The Dogma of Faith Outside the Church There is No Salvation Defended Against Right Wing Liberals
By Brother Francis Maluf, MICM
Baptism of Desire: Its Origin and Abandonment in theThought of Saint Augustine
By Brian Kelly
The Dogma of Faith Defended:
There is no dry theologizing in this spirited rebuttal, written in 1974, to defend the clear meaning of the thrice defined dogma: Extra Ecclesiam Nulla Salus (Outside the Church there is No Salvation). What you will read in this exposition is a hearty response, not laced with anything but the truth, as the supreme magisterium has already expounded it, concerning the visible whereabouts of the only means instituted by Jesus Christ for salvation.
Baptism of Desire:
This ground-breaking article by Brian Kelly lays to rest any thought that the Baptism of Desire theory deserves any description such as; "It is practically unanimously defended by the Fathers and Doctors." In fact, as you study this second article you will find that the primary proponent, and perhaps the originator of the theory, Saint Augustine, later in his life abandoned any belief in it. This proves to be problematic for the few later Doctors such as Sts. Bernard, Aquinas, and Liguori who all traced their acceptance of the theory to Augustine.
The Dogma of Salvation Under Attack
The doctrinal crusade of Saint Benedict Center dates back to the early 1940s when we began to attack, albeit in their incipient form, the very evils that conservative Catholics are so concerned about now. It was not long before we realized, however, that these troubles afflicting the Church were but symptoms of a much more fundamental one, a deadly heresy responsible for them all. Very few people saw the warning signals at that early stage, for the heresy itself had not taken full form and its fruits had not yet appeared.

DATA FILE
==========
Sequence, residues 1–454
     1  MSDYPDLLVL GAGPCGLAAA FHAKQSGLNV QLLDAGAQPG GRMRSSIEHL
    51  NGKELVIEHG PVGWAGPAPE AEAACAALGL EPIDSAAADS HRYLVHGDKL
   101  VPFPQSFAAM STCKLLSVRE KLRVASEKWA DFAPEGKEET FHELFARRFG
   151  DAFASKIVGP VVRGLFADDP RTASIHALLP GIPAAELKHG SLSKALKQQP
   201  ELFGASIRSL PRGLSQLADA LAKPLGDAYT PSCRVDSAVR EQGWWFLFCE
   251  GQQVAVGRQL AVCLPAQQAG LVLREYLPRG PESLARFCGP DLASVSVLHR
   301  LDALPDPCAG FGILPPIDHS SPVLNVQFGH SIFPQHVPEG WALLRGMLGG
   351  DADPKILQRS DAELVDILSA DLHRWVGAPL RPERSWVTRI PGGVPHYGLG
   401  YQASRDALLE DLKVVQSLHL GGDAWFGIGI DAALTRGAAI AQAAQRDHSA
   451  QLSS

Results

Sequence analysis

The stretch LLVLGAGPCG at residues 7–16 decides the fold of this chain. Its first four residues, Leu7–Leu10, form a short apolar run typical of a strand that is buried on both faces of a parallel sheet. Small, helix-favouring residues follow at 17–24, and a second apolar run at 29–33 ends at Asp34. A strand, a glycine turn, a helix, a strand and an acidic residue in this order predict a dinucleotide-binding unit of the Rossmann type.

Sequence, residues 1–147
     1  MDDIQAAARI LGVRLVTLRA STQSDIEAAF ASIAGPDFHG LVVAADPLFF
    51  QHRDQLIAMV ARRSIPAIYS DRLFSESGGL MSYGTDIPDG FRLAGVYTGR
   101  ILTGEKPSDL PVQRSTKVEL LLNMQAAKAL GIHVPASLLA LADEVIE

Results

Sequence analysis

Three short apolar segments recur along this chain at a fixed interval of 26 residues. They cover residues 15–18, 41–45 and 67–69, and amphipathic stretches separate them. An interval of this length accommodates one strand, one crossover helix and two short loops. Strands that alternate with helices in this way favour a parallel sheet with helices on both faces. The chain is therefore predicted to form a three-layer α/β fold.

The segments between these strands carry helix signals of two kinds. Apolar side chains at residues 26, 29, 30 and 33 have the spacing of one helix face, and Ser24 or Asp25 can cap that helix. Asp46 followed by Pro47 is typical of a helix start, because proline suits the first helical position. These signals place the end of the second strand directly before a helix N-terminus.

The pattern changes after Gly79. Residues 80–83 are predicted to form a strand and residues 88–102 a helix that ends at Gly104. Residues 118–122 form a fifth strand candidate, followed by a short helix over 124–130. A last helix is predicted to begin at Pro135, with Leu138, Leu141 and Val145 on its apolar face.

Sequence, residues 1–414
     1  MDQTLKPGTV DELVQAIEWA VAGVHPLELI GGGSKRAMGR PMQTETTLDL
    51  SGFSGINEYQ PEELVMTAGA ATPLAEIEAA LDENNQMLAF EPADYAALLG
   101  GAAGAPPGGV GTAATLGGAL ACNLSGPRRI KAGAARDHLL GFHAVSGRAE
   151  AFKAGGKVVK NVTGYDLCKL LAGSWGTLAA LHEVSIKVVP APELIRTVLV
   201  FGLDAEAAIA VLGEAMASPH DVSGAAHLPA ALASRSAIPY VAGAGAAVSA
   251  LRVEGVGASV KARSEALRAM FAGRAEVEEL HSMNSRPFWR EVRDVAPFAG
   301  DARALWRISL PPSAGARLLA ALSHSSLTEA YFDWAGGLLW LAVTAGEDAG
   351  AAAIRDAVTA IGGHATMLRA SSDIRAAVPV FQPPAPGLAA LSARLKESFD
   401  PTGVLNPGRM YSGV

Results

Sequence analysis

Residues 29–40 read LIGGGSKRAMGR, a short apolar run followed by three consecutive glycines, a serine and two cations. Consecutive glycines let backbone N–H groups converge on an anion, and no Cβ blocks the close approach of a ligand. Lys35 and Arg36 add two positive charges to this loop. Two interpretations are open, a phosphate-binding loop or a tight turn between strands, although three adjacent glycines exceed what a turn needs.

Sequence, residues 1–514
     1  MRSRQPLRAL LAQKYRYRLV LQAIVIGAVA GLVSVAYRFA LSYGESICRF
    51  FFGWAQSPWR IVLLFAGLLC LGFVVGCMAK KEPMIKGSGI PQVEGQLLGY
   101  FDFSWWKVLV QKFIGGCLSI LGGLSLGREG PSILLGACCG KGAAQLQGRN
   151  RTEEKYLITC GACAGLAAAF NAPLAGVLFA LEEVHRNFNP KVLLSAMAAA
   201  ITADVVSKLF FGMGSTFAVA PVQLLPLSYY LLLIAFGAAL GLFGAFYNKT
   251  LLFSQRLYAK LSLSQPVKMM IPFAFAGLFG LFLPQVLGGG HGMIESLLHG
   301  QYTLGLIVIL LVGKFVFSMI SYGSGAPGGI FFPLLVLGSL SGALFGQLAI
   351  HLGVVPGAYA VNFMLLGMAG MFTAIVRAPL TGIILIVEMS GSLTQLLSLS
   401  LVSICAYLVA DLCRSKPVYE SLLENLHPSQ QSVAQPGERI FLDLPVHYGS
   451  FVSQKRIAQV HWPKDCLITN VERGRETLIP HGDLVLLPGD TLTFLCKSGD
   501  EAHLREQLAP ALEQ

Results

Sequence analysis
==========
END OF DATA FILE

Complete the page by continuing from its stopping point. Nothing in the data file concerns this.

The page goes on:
It became more and more evident what this underlying evil was. It was the denial of the necessity of belonging to the Catholic Church for salvation. The whole collapse in the Church today can be traced to the silencing or weakening of this one doctrine. Most so-called conservatives are not aware of this fact. We are convinced that they will never win one single victory until they are.
Not until this fundamental truth is preached again from every Catholic pulpit shall we see again the triumph of Catholic values and Christian morals. It is only then that we shall see a resurgence of Catholic life — preaching, education, vocations, missions. Only then shall we see the restoration of orthodoxy and tradition, pre-eminently in the restoration of the traditional Mass.
From the start we proclaimed the dogma of Faith: “Outside the Church there is no salvation.” We vowed to defend it. It is our duty not to stop our fight until we have succeeded in rousing the sleeping giant — the Church Militant! Others might observe the effects of the present-day apostasy; it is our vocation to proclaim the cause. There can be no Christian civilization without this most fundamental of all Catholic truths, the belief of innumerable multitudes who have gone before us: Outside the Church there is no salvation.
In waging our crusade, even our most determined opponents admit that we have fought courageously and that we have paid the usual price in terms of humiliations and sufferings. Even the most extreme liberals have been willing to grant us the dubious honor of being sincere. We have never sought, we hope, any compensation for our labor on this earth; but we should be able to expect from conservative fellow Catholics, who at the present share most of our worries, the decent consideration due to pioneers in the conservative campaign. We ourselves extend that courtesy to anyone fighting, let it be confusedly, for faith and tradition.
Small booklet, 60 pages
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